Reaping the Fruits of Science: Comparing Exploitations of a Scientific Breakthrough in European Innovation Systems
AbstractThis paper is an attempt to unpack the emergence and dynamics of science-based technologies in conceptual forms that allow us to understand better when and how the social and economic organization of search and problem-solving matters. The evolution over two decades of a specific science-based technology is mapped with data from its 192 patents. For the five European countries generating the majority of patents, we identify the host organizations of all 275 inventors involved in the R&D behind the patents. Using network analysis we then map the evolution of separate innovation systems and their structural and evolutionary characteristics. The best performing system combines a cumulative pattern with frequent and shifting connections to non-system R&D partners while maintaining a small core of almost omnipresent inventor-organizations. The role of multinational corporations in orchestrating innovation systems is apparent.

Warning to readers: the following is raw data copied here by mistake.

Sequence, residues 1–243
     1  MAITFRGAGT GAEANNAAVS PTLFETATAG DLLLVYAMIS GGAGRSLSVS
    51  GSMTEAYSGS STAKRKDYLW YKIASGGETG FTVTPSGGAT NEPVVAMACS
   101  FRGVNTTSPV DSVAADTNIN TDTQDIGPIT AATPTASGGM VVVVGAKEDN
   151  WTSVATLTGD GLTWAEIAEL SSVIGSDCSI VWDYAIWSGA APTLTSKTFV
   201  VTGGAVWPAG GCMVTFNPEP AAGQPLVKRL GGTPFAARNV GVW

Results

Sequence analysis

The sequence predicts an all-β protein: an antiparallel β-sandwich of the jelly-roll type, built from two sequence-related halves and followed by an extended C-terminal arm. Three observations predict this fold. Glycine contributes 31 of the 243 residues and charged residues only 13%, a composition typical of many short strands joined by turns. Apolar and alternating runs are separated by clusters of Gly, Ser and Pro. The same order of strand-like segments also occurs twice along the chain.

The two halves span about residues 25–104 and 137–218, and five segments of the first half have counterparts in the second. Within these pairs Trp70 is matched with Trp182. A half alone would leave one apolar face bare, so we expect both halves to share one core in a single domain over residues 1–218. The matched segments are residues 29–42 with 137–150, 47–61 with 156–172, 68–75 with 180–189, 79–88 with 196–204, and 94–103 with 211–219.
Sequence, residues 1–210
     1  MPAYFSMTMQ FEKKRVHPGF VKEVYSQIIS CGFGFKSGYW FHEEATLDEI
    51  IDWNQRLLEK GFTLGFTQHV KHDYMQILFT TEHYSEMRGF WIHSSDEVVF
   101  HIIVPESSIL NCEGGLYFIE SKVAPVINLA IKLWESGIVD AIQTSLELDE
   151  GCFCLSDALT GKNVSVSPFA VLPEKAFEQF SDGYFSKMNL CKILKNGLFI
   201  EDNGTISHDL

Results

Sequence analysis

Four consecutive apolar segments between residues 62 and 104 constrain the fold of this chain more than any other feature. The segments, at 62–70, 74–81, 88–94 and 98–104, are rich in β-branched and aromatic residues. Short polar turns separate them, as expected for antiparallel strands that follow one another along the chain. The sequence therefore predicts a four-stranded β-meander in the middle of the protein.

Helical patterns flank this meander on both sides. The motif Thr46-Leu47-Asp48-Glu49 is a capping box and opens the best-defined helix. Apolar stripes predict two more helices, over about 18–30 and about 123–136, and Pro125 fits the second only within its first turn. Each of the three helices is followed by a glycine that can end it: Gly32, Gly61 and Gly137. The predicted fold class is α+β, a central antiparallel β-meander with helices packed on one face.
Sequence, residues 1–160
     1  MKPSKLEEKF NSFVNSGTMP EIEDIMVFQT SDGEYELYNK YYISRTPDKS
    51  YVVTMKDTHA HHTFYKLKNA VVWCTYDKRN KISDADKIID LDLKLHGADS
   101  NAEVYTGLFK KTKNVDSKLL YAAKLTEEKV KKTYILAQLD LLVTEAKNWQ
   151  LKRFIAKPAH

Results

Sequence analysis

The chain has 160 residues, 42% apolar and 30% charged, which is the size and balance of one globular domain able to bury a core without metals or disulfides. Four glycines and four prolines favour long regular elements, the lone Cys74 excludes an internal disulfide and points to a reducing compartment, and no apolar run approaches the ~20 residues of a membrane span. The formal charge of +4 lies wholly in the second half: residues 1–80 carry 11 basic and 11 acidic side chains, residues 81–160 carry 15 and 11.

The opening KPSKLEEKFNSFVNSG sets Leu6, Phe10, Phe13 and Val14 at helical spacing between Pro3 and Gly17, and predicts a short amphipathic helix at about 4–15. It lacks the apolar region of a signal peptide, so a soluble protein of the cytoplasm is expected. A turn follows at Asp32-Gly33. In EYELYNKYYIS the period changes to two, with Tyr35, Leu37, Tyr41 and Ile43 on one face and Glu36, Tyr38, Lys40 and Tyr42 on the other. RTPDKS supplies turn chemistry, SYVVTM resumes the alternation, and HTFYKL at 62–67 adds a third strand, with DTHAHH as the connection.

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Bibliographic InfoArticle provided by Taylor & Francis Journals in its journal Economic Systems Research.
Volume (Year): 14 (2002)
Issue (Month): 4 ()
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- Magnus Gulbrandsen, 2012. "“But Peter’s in it for the money” – the liminality of entrepreneurial scientists," Working Papers on Innovation Studies 20120323, Centre for Technology, Innovation and Culture, University of Oslo.
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- Larsen, Maria Theresa, 2011. "The implications of academic enterprise for public science: An overview of the empirical evidence," Research Policy, Elsevier, vol. 40(1), pages 6-19, February.
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